NEW ROCHELLE, N.Y. - Multiple fountains and sinks remain shuttered at George Davis Elementary School in New Rochelle this week after high levels of lead were found in the water.
Following reported media stories of elevated lead levels in New Jersey schools recently, New Rochelle officials voluntarily opted to test the district’s water, which showed that some water samples at the Davis school tested above the U.S. Environmental Protection Agency’s recommended action level for lead in drinking water.
More extensive testing revealed that five drinking fountains in one wing of the school tested above the recommended level of 20 parts per billion. After flushing the lines, a second test showed that two fountains remained above the recommended level.
As a result, all Davis School drinking water sources have been closed as the district conducts more extensive testing. Five-gallon bottled water containers and alternate water sources have being provided to that area of the building in the interim.
According to district officials, they reached out to Westchester County of Health Commissioner Sherlita Amler to ensure that the water is safe for students and staff. The district's Environmental Services Department and environmental consultants are also working with the county to create sound procedures for testing the water districtwide on a regular basis.
“The county health department has reviewed the results of our sampling and has offered its engineering and lead expertise going forward,” the administration said in a statement. “We are working closely together with the health department to determine what further sampling should occur and what further action should be taken to identify drinking water fountains and other faucets that should be replaced or no longer used in accordance with USEPA recommendations to minimize lead in drinking water at schools.”
In a letter to parents, Galland noted that they are continuing to work with the county and SUEZ Water to rectify the situation and take steps so it doesn’t happen again.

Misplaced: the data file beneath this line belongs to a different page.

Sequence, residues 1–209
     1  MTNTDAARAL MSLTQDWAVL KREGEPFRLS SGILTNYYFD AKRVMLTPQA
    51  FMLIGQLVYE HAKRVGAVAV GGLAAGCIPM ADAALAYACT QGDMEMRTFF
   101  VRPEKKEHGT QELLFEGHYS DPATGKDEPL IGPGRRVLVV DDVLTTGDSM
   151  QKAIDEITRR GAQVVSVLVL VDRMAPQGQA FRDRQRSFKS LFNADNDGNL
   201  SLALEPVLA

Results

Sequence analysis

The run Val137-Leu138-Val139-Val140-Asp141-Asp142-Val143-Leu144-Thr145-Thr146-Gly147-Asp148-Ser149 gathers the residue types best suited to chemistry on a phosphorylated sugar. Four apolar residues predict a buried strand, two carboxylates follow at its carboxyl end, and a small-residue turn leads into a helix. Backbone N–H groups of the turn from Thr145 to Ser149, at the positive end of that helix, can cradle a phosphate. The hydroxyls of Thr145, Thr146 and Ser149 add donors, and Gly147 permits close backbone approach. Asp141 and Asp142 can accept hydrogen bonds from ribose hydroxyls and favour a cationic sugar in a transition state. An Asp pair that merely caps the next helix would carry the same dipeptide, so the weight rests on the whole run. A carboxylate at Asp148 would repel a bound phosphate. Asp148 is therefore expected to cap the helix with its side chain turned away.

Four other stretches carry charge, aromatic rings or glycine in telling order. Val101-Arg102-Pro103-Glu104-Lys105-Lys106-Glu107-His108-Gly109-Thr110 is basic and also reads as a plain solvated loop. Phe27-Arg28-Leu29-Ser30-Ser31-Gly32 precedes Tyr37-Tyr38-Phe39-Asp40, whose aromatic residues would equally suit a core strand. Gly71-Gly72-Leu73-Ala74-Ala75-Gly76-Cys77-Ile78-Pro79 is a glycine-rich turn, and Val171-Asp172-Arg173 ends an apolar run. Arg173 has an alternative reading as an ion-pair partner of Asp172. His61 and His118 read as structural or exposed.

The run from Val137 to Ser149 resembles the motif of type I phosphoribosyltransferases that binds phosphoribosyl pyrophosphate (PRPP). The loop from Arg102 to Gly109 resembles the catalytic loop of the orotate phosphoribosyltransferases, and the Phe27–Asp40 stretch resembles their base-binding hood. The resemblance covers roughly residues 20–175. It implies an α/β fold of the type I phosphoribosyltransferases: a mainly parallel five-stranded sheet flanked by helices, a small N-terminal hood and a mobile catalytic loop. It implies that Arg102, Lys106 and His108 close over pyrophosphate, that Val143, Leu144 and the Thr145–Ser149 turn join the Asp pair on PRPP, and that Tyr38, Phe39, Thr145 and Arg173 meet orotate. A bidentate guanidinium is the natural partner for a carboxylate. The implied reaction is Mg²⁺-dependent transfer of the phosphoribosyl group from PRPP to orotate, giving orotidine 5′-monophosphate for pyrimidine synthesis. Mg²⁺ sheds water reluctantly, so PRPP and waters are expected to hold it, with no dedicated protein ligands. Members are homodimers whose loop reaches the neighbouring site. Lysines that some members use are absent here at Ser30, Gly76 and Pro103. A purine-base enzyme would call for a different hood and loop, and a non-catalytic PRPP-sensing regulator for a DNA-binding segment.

“After learning of the results, and consulting with experts, we’ve decided that all drinking fountains in grade two through five classrooms and hallways, the cafeteria and outside of the gym doors will be reopened as water from those fountains are safe,” he stated. “Drinking fountains in kindergarten and first grade classrooms located along the main office hallway will remain shut. Students in those classes will continue to access seven water coolers in the hallway.”
“The district has initiated further study and testing of pipes located throughout classrooms located along the main office. (We) thank all of the parents for sending their children to school with water from home. It’s helped us conserve our bottled water and use less cups.”
Following the reports, the district consulted Philip Landrigan, the Dean for Global Health at the Icahn School of Medicine at Manhattan's Mount Sinai praised the district for being proactive after the reported issues in New Jersey.
"I commend the Board of Education and administration for having proactively initiated testing of water for lead in the schools shortly after it heard about the water contamination issues in Newark schools," he said in a statement.
"Parents should welcome what the district has done. This was the right thing to do, to curtail any exposure. As a medical professional, and based on my review of the reports, I see no need for blood lead testing of children."
Click here to sign up for Daily Voice's free daily emails and news alerts.